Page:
Hundreds of human rights and environmental cases against corporations have been launched in countries around the world in the past two decades. This body of counter corporate litigation—legal actions that involve attempts to enforce legal or normative standards against business entities—forms a significant part of the legal struggles shaping the transition to a sustainable economy. However, the question remains—how does litigation against companies fit with the larger patterns of reform? In this paper, I draw on a taxonomy of sustainability litigation to describe three functions of counter corporate litigation: remedy, the search for justice through legal action; regulation, the enforcement of legal standards through the courts; and repression, the proscription of predatory business models. I argue that research into counter corporate litigation helps to illuminate the priorities for legal reform, including the integration of human rights and the environment into legal instruments governing corporate activities, transnational approaches to corporate accountability, and a willingness to challenge unsustainable business models.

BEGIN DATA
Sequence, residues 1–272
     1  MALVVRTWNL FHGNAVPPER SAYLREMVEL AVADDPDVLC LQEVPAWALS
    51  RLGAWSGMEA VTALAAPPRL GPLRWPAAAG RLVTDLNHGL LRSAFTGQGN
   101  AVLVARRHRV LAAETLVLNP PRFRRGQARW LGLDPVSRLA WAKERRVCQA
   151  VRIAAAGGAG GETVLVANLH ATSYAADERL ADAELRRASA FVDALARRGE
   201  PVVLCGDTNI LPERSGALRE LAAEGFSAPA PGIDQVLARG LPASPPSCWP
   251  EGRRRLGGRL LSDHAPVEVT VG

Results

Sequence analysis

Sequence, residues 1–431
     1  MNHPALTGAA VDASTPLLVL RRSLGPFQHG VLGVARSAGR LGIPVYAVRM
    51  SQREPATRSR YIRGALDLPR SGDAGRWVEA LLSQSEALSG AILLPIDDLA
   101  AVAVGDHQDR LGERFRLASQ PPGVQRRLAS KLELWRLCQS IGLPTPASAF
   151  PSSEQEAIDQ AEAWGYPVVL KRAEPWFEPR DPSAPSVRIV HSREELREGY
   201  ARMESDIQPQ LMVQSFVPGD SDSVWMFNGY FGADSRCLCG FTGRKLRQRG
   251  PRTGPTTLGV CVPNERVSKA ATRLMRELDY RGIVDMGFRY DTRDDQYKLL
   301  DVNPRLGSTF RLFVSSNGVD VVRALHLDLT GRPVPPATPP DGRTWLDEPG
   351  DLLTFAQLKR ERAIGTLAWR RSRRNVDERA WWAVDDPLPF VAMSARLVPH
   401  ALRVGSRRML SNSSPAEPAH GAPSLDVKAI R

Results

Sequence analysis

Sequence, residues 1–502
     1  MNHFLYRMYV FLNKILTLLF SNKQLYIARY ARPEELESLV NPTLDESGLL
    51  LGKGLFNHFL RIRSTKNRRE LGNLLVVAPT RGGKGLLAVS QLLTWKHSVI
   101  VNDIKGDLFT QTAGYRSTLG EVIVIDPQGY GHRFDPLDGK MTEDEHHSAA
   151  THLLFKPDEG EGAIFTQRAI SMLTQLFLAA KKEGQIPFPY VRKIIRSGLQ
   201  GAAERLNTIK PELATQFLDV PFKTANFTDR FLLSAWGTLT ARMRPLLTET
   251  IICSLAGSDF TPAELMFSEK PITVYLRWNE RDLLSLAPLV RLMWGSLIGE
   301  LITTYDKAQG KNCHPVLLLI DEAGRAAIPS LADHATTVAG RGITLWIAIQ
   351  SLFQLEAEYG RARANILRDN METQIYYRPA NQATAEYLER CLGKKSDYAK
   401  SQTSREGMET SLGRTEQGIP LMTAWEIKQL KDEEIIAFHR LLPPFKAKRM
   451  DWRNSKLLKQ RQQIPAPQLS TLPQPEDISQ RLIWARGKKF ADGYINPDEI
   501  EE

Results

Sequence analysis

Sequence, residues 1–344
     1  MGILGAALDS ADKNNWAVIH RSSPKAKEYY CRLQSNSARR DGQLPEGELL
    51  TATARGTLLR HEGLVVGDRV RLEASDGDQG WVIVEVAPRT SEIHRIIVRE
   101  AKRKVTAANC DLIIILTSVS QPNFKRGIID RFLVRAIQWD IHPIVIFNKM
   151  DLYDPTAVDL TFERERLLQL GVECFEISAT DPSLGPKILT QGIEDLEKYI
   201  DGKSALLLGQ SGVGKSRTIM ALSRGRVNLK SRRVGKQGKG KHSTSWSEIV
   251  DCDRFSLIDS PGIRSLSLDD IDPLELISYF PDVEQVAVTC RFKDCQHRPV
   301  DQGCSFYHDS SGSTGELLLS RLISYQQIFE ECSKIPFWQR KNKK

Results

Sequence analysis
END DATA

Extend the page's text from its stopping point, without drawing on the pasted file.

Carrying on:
Sustainability 2021, 13(19), 10742; https://doi.org/10.3390/su131910742
(This article belongs to the Special Issue Business, Human Rights and the Environment)